A 6-week-old infant was admitted to our pediatric department for anorexia and failure to thrive. He was born at term after uneventful pregnancy and delivery. Birth weight was 3.380 kg. From birth, he was noted to have poor appetite and he failed to gain weight. On the 2 days before admission, he appeared to be distressed during feedings. Physical examination revealed a cachectic, tachypneic, but no respiratory distress was evident. His weight was 3.6 kg; clinical examination of the lungs was normal as was the rest of the physical examination. Chest x-ray showed an eventration of the left diaphragm. Abdominal ultrasound showed normal movement of the left diaphragm. A barium study showed an organoaxial volvulus of the stomach (Figure) and confirmed normal location of the Treitz ligament.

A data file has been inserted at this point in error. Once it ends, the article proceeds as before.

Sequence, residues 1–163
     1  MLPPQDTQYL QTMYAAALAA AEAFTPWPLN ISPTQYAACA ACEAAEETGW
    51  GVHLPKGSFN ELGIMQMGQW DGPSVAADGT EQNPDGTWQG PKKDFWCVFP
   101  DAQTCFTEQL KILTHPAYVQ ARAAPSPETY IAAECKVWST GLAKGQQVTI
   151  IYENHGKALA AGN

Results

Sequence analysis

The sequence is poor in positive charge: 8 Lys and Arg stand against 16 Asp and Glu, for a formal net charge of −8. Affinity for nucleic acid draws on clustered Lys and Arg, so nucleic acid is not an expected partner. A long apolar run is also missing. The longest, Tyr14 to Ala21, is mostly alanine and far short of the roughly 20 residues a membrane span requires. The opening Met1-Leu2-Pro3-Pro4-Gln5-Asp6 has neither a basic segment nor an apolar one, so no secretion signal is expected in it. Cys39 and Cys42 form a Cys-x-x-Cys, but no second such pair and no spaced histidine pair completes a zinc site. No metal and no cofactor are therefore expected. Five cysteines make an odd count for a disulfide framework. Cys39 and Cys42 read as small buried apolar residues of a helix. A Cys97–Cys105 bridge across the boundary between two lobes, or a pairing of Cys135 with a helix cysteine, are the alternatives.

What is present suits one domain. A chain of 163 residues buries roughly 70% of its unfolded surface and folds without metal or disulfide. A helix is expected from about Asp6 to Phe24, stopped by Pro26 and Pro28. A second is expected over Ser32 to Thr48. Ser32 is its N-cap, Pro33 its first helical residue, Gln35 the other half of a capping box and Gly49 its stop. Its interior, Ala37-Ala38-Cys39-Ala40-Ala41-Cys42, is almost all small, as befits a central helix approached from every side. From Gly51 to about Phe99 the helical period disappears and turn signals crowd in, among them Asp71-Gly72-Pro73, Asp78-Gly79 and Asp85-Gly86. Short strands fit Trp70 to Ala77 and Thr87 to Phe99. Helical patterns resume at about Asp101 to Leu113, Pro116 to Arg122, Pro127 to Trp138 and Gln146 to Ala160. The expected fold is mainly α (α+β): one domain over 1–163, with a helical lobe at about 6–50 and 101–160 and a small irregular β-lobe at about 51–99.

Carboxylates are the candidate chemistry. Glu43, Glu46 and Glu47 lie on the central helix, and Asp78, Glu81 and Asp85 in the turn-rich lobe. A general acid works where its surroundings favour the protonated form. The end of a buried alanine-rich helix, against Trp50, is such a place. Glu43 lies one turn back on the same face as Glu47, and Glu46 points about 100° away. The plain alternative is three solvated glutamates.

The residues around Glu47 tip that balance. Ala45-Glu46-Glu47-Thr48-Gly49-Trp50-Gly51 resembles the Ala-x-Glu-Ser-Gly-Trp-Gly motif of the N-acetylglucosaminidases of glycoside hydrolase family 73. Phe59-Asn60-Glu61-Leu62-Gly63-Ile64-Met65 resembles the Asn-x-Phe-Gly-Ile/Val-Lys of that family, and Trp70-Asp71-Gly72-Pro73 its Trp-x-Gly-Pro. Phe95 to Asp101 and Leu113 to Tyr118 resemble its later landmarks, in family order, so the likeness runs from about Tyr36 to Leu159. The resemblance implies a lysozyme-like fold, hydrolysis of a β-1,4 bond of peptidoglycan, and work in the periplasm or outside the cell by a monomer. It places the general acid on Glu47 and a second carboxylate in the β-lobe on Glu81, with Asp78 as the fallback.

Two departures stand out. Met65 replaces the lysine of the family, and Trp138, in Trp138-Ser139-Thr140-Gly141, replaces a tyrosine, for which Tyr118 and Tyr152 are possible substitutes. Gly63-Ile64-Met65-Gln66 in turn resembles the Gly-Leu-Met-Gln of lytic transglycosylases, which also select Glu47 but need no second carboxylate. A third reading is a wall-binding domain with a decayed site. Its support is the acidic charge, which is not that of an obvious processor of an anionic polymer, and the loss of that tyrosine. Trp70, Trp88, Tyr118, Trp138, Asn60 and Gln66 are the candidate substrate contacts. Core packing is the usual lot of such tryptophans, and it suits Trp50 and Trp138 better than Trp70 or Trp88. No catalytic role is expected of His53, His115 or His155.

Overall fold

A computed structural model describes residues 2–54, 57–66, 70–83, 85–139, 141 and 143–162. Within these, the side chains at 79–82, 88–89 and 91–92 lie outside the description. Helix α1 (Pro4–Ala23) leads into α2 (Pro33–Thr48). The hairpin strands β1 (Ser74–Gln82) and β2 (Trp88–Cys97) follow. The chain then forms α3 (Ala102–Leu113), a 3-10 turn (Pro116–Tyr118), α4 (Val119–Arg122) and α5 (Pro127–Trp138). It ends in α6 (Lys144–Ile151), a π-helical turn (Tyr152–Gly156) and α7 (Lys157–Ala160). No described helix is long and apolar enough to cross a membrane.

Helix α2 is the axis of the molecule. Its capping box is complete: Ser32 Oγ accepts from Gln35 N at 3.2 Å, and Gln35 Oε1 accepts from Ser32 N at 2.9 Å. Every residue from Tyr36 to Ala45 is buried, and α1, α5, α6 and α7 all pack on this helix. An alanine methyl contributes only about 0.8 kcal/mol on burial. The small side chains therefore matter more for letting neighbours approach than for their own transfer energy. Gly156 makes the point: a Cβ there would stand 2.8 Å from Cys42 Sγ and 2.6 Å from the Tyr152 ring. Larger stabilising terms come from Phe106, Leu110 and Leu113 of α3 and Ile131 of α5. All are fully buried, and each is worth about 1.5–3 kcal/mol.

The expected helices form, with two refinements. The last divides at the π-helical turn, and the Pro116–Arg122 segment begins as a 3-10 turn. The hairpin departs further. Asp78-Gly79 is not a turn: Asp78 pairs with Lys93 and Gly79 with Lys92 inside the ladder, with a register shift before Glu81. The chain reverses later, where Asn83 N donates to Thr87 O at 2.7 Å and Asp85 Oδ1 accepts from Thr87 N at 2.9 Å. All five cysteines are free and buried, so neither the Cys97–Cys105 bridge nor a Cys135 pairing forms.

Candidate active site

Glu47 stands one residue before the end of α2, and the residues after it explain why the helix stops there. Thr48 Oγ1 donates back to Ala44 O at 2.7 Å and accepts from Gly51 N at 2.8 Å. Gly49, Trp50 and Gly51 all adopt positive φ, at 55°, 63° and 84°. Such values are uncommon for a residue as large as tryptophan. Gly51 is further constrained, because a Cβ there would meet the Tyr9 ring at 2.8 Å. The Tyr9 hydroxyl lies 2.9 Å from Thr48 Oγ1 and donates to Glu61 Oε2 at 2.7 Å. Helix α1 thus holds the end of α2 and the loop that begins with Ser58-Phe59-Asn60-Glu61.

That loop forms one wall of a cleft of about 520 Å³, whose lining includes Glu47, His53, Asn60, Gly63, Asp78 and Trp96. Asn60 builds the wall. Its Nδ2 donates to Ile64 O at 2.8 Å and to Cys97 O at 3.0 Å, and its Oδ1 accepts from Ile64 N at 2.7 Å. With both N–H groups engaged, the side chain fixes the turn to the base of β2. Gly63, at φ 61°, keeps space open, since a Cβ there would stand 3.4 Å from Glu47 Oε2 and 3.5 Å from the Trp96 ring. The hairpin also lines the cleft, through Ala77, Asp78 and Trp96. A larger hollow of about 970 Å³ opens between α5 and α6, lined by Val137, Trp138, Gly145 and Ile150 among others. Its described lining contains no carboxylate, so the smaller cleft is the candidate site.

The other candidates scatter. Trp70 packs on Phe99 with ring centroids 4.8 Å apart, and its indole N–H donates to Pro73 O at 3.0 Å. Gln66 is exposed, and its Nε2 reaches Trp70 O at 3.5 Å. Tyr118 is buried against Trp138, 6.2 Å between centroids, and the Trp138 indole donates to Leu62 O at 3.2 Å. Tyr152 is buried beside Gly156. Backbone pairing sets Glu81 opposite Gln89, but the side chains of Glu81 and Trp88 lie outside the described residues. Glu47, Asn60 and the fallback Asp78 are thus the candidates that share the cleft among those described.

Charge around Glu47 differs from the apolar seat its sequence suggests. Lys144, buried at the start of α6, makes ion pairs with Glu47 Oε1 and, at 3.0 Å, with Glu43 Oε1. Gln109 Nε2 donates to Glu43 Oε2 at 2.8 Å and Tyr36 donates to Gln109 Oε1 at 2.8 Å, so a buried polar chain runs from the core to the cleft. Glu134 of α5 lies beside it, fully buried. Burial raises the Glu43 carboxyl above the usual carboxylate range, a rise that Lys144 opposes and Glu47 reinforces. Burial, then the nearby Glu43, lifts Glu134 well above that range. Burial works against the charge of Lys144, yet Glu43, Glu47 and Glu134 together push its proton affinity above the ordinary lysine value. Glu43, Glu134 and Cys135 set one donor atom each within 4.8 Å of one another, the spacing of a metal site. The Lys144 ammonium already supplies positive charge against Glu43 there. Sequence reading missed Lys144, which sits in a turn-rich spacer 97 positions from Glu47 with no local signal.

The stomach is normally fixed inferiorly by the duodenum, and its usual configuration is maintained by the gastrosplenic, gastroduodenal, gastrophrenic, and gastrohepatic ligaments. Ligamentous laxity, pyloric obstruction, diaphragmatic hernias, eventration of diaphragm and adhesions serve as predisposing factors for volvulus of the stomach. Approximately 15% to 20% of cases of gastric volvulus occur in children, usually under 1 year of age. It is frequently associated with a congenital diaphragmatic defect. The more common variation is an organoaxial gastric volvulus, in which the stomach twists on its long axis. The clinical symptoms depend on the extent or degree of rotation and obstruction. Indications for surgical intervention are determined by evidence of vascular compromise. Anterior gastropexy with a gastrostomy is the procedure of choice. Percutaneous gastrostomy using anchoring devices and laparoscopic-guided gastropexy have been reported.3
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